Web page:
Biden Administration Further Delays OSHA COVID-19 Workplace Health Standard

The White House Office of Information and Regulatory Affairs (OIRA) is extending its policy review of an OSHA temporary emergency rule that would require employers to follow workplace health protocols designed to protect workers from contracting COVID-19.

The emergency rule is controversial because it is believed to impose a one-size-fits-all health standard onto employers across many different industry sectors.

The standard is also expected to require employers to conduct COVID-19 risk assessments and follow OSHA guidelines to prevent workplace infections.

The emergency rule is being proposed at a time when the pandemic is subsiding and state and local social distancing and mask mandates are being phased-out nationwide.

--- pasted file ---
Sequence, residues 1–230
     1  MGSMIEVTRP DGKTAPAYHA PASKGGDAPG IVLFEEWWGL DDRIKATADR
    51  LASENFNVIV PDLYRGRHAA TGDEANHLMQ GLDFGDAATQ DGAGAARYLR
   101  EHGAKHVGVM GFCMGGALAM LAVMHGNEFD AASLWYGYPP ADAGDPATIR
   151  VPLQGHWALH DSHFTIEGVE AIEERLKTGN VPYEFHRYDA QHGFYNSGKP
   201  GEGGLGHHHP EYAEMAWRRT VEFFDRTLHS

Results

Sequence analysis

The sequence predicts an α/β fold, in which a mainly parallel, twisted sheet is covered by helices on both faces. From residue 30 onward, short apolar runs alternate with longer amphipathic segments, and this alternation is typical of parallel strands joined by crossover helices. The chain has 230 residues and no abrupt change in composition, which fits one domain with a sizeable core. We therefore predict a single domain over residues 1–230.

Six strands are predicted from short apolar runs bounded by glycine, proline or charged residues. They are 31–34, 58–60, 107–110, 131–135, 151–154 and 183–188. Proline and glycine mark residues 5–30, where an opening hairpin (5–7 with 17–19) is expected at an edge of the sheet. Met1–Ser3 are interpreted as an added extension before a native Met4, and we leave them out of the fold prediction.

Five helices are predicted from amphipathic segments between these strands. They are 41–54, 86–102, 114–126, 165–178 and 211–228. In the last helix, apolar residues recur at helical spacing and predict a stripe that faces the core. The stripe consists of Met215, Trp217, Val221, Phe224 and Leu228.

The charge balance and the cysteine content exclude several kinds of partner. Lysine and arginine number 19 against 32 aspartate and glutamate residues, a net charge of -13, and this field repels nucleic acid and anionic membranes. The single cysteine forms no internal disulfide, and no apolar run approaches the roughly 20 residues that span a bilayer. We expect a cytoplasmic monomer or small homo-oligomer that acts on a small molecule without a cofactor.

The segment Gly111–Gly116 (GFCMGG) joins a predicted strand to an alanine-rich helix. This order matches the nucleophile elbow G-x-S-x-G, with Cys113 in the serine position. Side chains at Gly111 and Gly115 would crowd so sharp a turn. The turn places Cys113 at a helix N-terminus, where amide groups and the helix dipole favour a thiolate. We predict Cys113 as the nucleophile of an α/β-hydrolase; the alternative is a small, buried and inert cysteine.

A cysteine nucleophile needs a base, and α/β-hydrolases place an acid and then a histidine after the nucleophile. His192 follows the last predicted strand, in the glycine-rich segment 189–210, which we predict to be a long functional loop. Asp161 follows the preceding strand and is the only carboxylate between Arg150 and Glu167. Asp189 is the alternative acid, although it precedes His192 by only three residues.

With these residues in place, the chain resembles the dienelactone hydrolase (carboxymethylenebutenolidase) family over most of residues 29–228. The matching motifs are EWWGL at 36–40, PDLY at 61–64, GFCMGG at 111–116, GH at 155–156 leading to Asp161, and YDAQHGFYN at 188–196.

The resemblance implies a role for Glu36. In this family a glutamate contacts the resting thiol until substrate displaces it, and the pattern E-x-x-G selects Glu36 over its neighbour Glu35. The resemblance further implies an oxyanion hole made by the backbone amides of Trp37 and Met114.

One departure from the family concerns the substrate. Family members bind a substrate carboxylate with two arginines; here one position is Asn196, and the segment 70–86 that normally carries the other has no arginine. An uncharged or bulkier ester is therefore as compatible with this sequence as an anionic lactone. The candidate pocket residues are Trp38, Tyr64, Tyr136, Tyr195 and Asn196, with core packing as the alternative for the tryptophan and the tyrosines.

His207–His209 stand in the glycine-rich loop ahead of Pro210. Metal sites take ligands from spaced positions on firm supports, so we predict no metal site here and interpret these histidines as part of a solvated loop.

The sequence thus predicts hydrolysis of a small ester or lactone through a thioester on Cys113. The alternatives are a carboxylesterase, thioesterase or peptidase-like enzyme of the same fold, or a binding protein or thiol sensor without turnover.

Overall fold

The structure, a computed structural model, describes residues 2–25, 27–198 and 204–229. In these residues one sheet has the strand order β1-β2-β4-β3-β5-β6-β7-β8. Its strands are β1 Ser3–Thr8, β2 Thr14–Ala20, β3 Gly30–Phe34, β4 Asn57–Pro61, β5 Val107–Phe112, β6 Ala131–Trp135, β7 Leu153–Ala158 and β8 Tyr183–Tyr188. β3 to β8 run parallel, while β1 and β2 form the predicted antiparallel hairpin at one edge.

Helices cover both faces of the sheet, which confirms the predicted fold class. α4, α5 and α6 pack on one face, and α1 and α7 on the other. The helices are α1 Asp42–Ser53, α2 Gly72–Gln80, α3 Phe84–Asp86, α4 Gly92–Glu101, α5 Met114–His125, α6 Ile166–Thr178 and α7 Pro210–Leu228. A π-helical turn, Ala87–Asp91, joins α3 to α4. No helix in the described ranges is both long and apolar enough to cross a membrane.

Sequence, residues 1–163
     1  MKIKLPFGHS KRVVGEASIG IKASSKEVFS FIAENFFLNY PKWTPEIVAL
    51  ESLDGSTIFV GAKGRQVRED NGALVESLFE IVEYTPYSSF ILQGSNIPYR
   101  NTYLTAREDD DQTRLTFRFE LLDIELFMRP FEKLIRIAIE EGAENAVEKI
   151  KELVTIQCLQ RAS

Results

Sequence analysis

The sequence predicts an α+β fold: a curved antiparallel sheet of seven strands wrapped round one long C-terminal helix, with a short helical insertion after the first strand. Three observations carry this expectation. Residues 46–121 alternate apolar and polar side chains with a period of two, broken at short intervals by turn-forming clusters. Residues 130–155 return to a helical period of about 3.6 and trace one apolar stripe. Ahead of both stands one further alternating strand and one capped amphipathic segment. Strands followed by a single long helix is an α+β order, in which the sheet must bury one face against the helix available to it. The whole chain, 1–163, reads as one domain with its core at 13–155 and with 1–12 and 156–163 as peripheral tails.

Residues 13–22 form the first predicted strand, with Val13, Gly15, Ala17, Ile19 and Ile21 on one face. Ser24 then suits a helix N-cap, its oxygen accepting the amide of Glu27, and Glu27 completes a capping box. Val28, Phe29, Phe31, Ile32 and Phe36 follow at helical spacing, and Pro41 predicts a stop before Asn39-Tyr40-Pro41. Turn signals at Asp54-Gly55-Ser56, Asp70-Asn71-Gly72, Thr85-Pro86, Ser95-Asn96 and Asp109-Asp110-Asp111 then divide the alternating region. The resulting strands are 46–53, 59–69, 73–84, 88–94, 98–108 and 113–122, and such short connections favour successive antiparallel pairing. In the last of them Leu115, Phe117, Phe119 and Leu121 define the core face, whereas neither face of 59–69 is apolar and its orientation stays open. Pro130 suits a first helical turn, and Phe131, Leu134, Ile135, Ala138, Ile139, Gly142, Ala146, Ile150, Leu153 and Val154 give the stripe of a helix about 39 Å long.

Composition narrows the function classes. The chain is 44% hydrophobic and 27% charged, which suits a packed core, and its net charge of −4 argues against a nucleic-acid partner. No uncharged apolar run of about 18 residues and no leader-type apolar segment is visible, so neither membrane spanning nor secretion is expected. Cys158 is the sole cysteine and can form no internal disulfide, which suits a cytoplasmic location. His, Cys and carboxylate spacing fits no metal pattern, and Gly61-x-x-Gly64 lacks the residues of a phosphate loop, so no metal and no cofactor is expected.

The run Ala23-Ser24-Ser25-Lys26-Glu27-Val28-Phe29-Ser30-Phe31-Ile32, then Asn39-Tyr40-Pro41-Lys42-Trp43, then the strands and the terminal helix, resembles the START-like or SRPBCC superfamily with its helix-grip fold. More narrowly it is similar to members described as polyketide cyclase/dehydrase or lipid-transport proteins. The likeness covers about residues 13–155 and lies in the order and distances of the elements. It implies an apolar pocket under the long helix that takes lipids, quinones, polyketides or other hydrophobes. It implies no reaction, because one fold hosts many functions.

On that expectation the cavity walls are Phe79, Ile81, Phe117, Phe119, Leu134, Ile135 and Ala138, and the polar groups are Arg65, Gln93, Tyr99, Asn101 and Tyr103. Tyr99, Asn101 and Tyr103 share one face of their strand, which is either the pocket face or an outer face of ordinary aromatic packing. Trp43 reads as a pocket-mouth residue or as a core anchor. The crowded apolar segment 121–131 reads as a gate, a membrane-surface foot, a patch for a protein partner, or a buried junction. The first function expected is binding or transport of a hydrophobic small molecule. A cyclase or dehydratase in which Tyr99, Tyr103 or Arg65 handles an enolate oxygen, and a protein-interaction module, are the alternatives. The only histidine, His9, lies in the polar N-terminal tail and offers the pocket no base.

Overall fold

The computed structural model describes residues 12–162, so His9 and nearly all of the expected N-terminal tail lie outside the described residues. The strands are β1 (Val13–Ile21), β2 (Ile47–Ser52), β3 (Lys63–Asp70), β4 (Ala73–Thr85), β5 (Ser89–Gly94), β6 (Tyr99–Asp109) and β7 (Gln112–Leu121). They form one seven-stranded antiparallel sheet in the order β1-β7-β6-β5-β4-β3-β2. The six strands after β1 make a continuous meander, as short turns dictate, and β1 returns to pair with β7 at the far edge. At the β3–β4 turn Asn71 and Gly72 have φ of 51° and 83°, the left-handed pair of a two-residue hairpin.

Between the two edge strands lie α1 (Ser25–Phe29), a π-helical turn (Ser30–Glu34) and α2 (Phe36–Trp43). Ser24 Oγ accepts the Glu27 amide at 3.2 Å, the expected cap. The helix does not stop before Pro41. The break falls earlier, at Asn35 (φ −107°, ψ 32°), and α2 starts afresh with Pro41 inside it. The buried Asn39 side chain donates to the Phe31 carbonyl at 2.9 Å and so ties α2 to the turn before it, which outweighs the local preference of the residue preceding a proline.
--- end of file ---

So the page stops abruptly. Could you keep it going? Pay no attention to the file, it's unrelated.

Employers are concerned that if the emergency rule is implemented, they will be forced to follow an employee health standard that is unnecessary and ill-suited for their industry and workplaces.

Employers are telling OIRA that instead of a one-size-fits-all standard, they prefer to follow existing CDC guidelines that can be easily adapted to the needs of individual worksites.

OIRA has been holding listening sessions with stakeholders on the emergency rule since April. However, little is known about OSHA’s COVID-19 standard because it has not been released to the public.

Emergency rules are not subject to the normal public notice and comment period that typical federal rulemakings must follow. In addition, OIRA is only holding listening sessions where stakeholders testify before a panel and no questions are asked or answered.

Nevertheless, interest in testifying remains so high that OIRA has extended the sessions more than a month past their expected end date.

The Biden Administration initially set March 15 as the deadline for the OSHA rule, but didn’t send it over to OIRA for final review until April 26th. A final rule is likely to be issued this summer.

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